Agoraphobia: What to Look for and How to Help

That happy-go-lucky teen in your classroom is suddenly avoiding situations that they once found enjoyable. Maybe they love performing but recently turned down an opportunity to audition for the school play. Or maybe you’ve noticed they seem agitated or upset while waiting in line or in a large group. Perhaps they are taking more sick days, even though they seem healthy enough overall, or refusing to take Driver’s Ed classes. What you may be seeing are signs of a mental health condition known as agoraphobia.

What is Agoraphobia?

Agoraphobia, which means the fear of being in public spaces, is a term used to describe the intense fear a person experiences when exposed to a threatening situation, along with the tendency to avoid situations or environments the person perceives as threatening. Often this fear is directed towards public places (or being away from home) because the person is afraid they may be trapped or unable to escape. Often, individuals with agoraphobia are afraid they might have a panic attack or experience intense anxiety and will be trapped. For example, they may be afraid that they will experience a panic attack at a concert or on the bus and that they will be unable to get out of the crowd or off the bus to calm down. And so they avoid all bus rides and concerts because the fear has grown so strong.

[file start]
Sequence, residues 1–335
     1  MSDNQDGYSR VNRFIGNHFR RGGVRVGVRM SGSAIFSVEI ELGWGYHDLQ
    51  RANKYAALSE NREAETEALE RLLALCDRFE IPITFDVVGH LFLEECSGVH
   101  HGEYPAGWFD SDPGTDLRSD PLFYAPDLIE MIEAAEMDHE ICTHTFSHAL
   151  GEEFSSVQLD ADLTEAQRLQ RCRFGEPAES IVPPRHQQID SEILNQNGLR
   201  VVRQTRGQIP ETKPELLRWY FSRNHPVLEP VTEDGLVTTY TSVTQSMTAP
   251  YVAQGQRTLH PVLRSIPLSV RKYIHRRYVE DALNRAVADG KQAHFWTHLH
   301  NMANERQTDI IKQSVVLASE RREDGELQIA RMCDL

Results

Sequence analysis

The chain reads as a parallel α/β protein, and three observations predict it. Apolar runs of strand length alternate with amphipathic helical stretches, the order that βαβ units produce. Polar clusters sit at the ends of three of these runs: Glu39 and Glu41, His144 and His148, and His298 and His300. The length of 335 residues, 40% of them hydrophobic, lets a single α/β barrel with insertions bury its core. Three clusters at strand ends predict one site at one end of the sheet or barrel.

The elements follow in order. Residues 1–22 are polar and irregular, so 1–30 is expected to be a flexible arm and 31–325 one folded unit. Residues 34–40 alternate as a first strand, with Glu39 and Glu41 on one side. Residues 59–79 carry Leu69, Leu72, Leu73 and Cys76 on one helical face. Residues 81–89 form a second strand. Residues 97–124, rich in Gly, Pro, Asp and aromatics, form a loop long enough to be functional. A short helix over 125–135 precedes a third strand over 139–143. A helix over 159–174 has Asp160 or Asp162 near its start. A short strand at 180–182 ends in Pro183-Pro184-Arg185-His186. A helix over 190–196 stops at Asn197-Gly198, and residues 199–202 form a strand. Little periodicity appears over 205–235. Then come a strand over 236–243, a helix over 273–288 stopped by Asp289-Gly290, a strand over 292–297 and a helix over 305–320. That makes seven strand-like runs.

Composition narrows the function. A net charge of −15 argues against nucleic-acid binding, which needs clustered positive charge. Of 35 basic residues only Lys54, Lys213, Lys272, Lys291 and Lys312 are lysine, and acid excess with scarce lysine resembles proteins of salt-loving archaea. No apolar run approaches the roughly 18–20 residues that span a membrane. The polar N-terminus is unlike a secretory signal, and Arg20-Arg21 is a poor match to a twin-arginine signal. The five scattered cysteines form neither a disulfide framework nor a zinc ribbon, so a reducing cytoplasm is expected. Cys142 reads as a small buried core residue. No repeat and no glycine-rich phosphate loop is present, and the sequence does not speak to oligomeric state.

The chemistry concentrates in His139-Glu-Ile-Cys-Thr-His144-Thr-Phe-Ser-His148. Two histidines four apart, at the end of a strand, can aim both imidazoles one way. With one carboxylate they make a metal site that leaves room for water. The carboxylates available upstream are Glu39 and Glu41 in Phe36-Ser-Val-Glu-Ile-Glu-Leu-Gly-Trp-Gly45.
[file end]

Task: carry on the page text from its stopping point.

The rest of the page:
Symptoms of Agoraphobia

The symptoms of agoraphobia, according to the Merck Manual, are characterized by intense anxiety, either before a particular activity or during the activity, for a period of at least six months. The student will likely try to avoid being in situations that they fear, and that can impact their ability to go to school and/or work, as well as other areas of functioning. For example, a parent may mention to you that their teen now avoids leaving home to spend time with friends (something they used to do frequently) and may avoid participating in any activities that require them to be away from home. According to this report from the Anxiety and Depression Association of America (ADAA), refusing to go to school is the most common way agoraphobia shows up in children and adolescents.